Legal Responsibilities Of Dog Ownership

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By Susan D’Alonzo Ament, Esquire

We all love our dogs. Our furry friends often become members of our family. Their loyalty and companionship provide a constant source of happiness, contentment, and satisfaction. We welcome them into our homes and hearts with steadfast devotion.  However, welcoming a canine friend into your life also comes with legal responsibility as well. It is important to know how Delaware views your responsibility as a pet owner – and how Delaware’s dog/dog-bite law could affect you.

First, if you are a homeowner, you should check your homeowner’s policy to ensure that there are no restrictions in your policy that limit or nullify your coverage in the event you own or purchase a dog. Insurance companies, in an effort to limit liability, will often restrict the type, breed, size, or weight of dog you can own. Even if there are no such restrictions in your policy, it is good practice to contact your homeowner’s insurance carrier regarding any “changes” to your household or home. Place your carrier on notice that you now have a dog living at your property.

Next, you should contact the applicable local and county agencies to ensure your dog is properly registered and licensed. Your veterinarian’s office can be extremely helpful in this regard. Most veterinary offices have a listing of the various offices/agencies in Sussex, Kent, and New Castle County where you can obtain a dog license. The veterinarian’s office can also provide information on the cost of these dog licenses. Delaware’s dog license laws are governed by 16 Del. C. §3042(F).

Third, as a dog owner, under Delaware law, you must exercise reasonable control over your dog at all times. Your dog is not permitted to run “at large” at any time of day. You must also ensure that your dog is confined in your home, is secured in a pen, or collared or chained to your premises between the hours of sunset and sunrise each day. These rules can be found at 16 Del. C. §3048(F). Failure to comply with these rules will result in fines and other potential legal consequences.

There are also rules in Delaware about when you can walk your dog on the beach. Specifically, pursuant to 7 Del. C. §1702, your dog is not allowed in a “designated swimming or sunbathing area” at any time between May 1 and September 30. Violation of this rule, again, will subject you to fines and other potential civil penalties.

Finally, you must understand your potential liability as a dog owner. It is often said that “every dog gets one free bite.” That could not be further from the truth in Delaware. Furthermore, dog bites are not the only potential way your dog can expose you to liability for someone’s injury. Delaware’s “dog bite” law, highlighted at 7 Del. C. §1711, covers both bite and non-bite injuries – and is generally one of the more expansive laws for victims of injuries caused by a dog in the country. 7 Del. C. §1711 reads:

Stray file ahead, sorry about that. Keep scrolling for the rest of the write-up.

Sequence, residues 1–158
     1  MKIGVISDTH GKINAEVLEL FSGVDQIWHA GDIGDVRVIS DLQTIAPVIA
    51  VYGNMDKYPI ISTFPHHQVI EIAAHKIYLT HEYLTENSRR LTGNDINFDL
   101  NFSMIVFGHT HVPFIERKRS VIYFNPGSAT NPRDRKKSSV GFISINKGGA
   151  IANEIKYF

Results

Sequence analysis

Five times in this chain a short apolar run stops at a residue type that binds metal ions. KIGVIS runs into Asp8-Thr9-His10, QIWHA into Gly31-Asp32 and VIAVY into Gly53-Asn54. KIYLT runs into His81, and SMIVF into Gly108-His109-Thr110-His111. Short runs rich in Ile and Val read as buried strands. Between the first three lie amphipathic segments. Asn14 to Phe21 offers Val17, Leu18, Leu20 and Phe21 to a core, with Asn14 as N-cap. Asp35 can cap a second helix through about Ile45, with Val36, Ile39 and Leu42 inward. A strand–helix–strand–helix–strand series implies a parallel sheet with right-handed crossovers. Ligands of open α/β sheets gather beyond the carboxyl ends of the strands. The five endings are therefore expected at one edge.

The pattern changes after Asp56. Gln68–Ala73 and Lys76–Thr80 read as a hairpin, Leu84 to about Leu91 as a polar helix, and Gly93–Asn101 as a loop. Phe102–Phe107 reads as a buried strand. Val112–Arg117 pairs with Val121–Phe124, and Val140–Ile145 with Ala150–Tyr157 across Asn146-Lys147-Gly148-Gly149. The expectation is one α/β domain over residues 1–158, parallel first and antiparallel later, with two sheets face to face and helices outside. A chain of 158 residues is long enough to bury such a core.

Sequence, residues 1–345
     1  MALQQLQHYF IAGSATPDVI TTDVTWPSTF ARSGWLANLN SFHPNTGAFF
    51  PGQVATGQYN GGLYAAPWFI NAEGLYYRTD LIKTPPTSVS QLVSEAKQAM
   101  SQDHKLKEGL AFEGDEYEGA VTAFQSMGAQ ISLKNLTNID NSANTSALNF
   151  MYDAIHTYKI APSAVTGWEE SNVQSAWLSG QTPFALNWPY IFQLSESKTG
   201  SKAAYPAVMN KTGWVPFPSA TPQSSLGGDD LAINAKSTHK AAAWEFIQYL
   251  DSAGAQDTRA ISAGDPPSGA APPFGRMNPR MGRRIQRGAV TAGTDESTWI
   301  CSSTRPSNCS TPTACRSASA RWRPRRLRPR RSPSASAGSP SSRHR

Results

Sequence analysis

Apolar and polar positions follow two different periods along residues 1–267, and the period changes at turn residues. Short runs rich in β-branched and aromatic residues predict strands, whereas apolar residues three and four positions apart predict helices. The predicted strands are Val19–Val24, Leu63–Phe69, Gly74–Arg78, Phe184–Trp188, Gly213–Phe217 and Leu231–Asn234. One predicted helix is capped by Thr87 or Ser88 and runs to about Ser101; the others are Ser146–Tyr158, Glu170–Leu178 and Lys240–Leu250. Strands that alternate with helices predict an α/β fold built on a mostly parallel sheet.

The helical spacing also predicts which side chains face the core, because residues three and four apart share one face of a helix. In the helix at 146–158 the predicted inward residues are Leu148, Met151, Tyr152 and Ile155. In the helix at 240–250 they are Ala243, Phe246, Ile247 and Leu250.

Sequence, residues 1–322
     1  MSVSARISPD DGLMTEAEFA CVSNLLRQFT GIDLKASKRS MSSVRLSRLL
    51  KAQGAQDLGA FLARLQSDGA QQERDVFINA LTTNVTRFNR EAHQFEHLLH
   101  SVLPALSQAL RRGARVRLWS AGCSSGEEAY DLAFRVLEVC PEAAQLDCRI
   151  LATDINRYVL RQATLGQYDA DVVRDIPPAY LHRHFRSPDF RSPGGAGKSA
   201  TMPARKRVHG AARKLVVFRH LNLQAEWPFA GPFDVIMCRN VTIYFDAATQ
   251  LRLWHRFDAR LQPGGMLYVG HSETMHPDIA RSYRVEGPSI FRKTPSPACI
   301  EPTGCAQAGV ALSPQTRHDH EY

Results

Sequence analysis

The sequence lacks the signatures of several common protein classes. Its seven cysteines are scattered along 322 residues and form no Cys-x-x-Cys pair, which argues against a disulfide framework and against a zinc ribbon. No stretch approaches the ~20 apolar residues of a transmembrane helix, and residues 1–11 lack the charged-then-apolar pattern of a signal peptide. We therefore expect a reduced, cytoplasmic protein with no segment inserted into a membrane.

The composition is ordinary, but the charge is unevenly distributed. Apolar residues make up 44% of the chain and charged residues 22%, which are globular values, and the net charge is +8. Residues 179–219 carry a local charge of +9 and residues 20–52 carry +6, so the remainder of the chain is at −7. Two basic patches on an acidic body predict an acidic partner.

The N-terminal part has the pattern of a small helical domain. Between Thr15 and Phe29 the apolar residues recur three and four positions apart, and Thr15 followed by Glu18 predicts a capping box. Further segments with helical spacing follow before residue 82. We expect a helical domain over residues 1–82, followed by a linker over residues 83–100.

The owner of a dog is liable in damages for any injury, death or loss to person or property that is caused by such dog, unless the injury, death or loss was caused to the body or property of a person who, at the time, was committing or attempting to commit a trespass or other criminal offense on the property of the owner, or was committing or attempting to commit a criminal offense against any person, or was teasing, tormenting or abusing the dog.

In short, this statute means that the owner of a dog is liable, or legally responsible, for ANY injuries caused by his or her dog. This statute also means that, as the owner of a dog that causes injury to someone else, you do not have to be proven negligent – or having done something wrong.  As long as you were the owner of the dog when it caused injury, you are on the proverbial hook – you are “strictly liable” for any injuries caused by your dog. Strictly liable is another way of saying strictly responsible.

There are a few exceptions to this rule, but those exceptions are limited. Unless the person who was injured was trespassing on the owner’s property; was on the owner’s property to commit a crime and was in the process of committing that crime; or was “teasing, tormenting, or abusing the dog,” the dog owner is going to be legally responsible for injuries caused by his or her dog. Delaware law interprets what constitutes teasing, tormenting, and abusing fairly narrowly.

susan_ament_morris_james_am11_sqSusan D’Alonzo Ament is a partner with Morris James LLP and has practiced for 33 years representing personal injury victims. Over the years, Mrs. Ament has found that some women don’t understand the crucial need to have adequate automobile insurance coverage in the event of a serious accident. Susan Ament educates women on these needs every day in her practice and in seminars that she presents throughout the year.